Top 25 Christian Classics

Christian History surveyed 70 of its authors to compile the 25 most influential Christian writings, after the Bible.   Martin Luther had three titles, second only to St. Augustine, who had four.  See the list and links after the jump.

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More of the Epic of Gilgamesh discovered

Big news in world literature:  A new tablet containing additional lines for the ancient Babylonian poem The Epic of Gilgamesh has been discovered. [Read more…]

Tolkien’s new story & the impact of Finland

One of J. R. R. Tolkien’s earliest writings has been published this week in England.  (It will be released in the U.S.A. in April.)  It’s called The Story of Kullervo, a retelling of a dark episode from the Finnish national epic the Kalevala.  Hannah Sander of the BBC tells about the influence of this epic and of the Finnish language and mythology on Tolkien’s imagination.  In addition to direct parallels, Tolkien’s descriptions of Middle Earth owe much to the Finnish landscape and the Finnish language seems to have been a model for Elvish. [Read more…]

Why you shouldn’t get disillusioned over Atticus Finch

To Kill a Mockingbird is one of the most beloved novels in American literature, so its legions of fans were overjoyed to hear that its author, Harper Lee, was going to publish Go Set a Watchman, another novel featuring the same main characters.  But now that the new book has been released, many readers are disillusioned.  In Mockingbird, Atticus Finch comes across as an ideal father, as well as the idealistic lawyer who strikes a blow against racism in defending a falsely-accused black man in the segregated South.  But in Watchman, told from the point of view of his daughter Scout as an adult, we see her conflicts with her father, who is full of flaws, including racial prejudice.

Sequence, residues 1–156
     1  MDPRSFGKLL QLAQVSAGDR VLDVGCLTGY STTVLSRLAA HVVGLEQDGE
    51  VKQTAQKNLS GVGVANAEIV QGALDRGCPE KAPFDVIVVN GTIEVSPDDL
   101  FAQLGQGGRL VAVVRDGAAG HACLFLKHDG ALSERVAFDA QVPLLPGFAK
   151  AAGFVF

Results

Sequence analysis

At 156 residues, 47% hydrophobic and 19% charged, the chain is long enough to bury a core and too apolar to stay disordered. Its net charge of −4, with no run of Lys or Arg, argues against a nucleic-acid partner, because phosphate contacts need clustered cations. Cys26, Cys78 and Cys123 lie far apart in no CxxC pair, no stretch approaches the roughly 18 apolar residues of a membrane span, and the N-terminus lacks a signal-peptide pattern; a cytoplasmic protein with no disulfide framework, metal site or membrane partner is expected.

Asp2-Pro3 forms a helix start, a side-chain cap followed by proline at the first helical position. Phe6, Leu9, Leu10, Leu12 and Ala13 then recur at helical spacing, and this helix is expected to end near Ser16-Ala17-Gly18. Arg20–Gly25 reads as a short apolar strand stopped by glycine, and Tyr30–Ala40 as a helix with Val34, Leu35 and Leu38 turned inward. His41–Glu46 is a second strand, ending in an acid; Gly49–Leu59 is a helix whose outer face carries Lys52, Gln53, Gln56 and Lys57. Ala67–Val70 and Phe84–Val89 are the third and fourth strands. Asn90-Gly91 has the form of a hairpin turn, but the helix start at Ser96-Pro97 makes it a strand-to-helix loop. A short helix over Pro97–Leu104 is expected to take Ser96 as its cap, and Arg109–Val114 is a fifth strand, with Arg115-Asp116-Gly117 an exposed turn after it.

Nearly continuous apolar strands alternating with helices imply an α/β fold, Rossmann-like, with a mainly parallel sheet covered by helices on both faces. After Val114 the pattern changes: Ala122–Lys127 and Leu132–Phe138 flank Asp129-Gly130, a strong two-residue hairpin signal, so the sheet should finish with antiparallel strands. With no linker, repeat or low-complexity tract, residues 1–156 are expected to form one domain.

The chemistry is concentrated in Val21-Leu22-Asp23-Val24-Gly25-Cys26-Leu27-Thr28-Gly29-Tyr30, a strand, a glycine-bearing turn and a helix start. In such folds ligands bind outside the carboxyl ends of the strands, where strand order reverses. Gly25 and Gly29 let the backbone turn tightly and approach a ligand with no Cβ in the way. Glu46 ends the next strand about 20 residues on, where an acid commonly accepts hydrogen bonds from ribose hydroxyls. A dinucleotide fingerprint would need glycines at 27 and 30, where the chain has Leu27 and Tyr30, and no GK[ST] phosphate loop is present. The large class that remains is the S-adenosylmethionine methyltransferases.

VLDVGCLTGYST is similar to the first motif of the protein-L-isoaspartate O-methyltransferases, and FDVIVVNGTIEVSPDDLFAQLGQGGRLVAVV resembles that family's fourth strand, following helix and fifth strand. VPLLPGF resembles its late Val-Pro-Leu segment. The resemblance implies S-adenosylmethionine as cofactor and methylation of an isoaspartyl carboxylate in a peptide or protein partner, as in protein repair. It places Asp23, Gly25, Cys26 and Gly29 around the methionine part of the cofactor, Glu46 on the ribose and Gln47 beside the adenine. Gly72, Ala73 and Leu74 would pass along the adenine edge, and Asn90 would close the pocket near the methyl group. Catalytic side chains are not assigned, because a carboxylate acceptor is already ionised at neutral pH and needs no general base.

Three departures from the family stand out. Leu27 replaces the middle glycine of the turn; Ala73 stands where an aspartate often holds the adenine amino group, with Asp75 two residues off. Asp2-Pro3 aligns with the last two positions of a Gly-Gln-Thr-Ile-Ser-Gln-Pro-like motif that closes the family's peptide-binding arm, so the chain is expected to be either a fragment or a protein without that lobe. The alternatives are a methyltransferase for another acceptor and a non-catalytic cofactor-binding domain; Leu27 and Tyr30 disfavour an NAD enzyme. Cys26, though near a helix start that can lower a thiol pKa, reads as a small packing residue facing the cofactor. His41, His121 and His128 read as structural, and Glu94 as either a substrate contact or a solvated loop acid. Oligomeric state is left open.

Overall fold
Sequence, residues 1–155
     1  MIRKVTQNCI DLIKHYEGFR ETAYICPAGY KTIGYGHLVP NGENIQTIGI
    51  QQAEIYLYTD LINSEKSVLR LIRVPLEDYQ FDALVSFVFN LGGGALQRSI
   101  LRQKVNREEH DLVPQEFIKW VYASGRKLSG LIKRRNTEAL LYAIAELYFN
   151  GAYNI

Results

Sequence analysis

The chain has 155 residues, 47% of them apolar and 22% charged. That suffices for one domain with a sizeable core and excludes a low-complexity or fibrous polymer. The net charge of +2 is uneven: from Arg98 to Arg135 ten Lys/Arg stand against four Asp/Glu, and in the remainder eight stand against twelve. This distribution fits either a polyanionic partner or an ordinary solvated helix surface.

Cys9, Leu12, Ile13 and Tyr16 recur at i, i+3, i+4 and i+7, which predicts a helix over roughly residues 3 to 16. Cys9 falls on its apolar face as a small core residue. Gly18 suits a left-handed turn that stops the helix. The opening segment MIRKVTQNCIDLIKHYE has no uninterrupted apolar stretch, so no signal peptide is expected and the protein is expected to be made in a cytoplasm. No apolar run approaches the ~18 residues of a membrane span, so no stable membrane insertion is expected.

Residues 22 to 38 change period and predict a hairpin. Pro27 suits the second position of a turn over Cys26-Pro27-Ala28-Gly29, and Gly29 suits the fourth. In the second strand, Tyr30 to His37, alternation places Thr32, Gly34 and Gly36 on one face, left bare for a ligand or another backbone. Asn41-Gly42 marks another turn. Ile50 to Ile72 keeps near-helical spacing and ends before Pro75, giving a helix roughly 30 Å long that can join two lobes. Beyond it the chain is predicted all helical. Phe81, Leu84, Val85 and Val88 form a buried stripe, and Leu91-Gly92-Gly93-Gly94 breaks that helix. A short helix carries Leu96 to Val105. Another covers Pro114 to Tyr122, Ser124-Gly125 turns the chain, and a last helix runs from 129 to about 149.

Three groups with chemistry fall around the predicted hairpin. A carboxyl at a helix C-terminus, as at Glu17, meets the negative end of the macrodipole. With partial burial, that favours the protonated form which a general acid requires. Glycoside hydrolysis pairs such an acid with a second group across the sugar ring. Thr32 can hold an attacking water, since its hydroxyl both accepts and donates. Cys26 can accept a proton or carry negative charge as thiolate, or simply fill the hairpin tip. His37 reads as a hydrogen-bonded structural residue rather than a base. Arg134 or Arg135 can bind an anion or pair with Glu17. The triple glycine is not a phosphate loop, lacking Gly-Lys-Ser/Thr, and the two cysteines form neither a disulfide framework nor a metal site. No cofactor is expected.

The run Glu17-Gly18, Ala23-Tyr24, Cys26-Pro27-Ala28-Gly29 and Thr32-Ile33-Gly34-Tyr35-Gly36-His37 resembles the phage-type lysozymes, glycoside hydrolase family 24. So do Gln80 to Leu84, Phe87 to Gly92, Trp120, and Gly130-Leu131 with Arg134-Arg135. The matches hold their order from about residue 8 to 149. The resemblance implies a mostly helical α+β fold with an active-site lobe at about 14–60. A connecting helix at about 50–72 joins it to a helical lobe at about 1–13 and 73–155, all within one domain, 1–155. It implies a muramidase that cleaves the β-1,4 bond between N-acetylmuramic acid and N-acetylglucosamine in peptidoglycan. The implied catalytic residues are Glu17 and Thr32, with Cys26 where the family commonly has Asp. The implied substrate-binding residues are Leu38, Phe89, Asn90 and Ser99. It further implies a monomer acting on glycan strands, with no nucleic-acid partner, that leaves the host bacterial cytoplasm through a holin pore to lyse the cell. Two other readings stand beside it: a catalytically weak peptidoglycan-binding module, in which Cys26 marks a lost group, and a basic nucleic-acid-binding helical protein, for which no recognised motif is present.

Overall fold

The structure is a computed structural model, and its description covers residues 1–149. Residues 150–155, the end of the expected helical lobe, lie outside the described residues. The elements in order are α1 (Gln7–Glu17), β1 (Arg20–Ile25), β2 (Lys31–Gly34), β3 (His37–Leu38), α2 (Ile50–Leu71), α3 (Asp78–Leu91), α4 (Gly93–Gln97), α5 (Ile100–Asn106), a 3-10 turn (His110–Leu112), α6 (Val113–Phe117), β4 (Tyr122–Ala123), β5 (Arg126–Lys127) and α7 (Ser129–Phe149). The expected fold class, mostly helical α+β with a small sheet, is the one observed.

But readers whose admiration for Atticus has been spoiled and who wish they never read the new book need not be dismayed.  According to the iron laws of literary scholarship, the author’s final intention is what counts.  Watchman gives us an earlier version of the story and of the characters.  Mockingbird is the later version, and the good Atticus represents Harper Lee’s final intention.  Let me, a literary scholar though recently retired, explain after the jump. [Read more…]

Why reading is good for you

Reading a lot, for pleasure, is associated with all kinds of physical and psychological benefits.  Details after the jump. [Read more…]

Yeats saw it coming

The Wall Street Journal and the Washington Post both have pieces on W. B. Yeats’ great poem The Second Coming.

One of the defining poems of the 20th century, Yeats wrote it back in 1919, but it seems to predict the rise of Nazi Germany, the growth of Communism, and now postmodernism, the rise of radical Islam, current political trends in Europe, and–for columnist E. J. Dionne–Donald Trump!

The poem, famous for its lines “The best lack all conviction, while the worst are full of passionate intensity”and “The center cannot hold,” is built both on Yeats’ theories of history and his take on the Christian notion that Christ will be followed by Antichrist.  After the jump, read an excellent unpacking of the poem by David Lehmann, and then see what Dionne does in applying it to today’s political situation. [Read more…]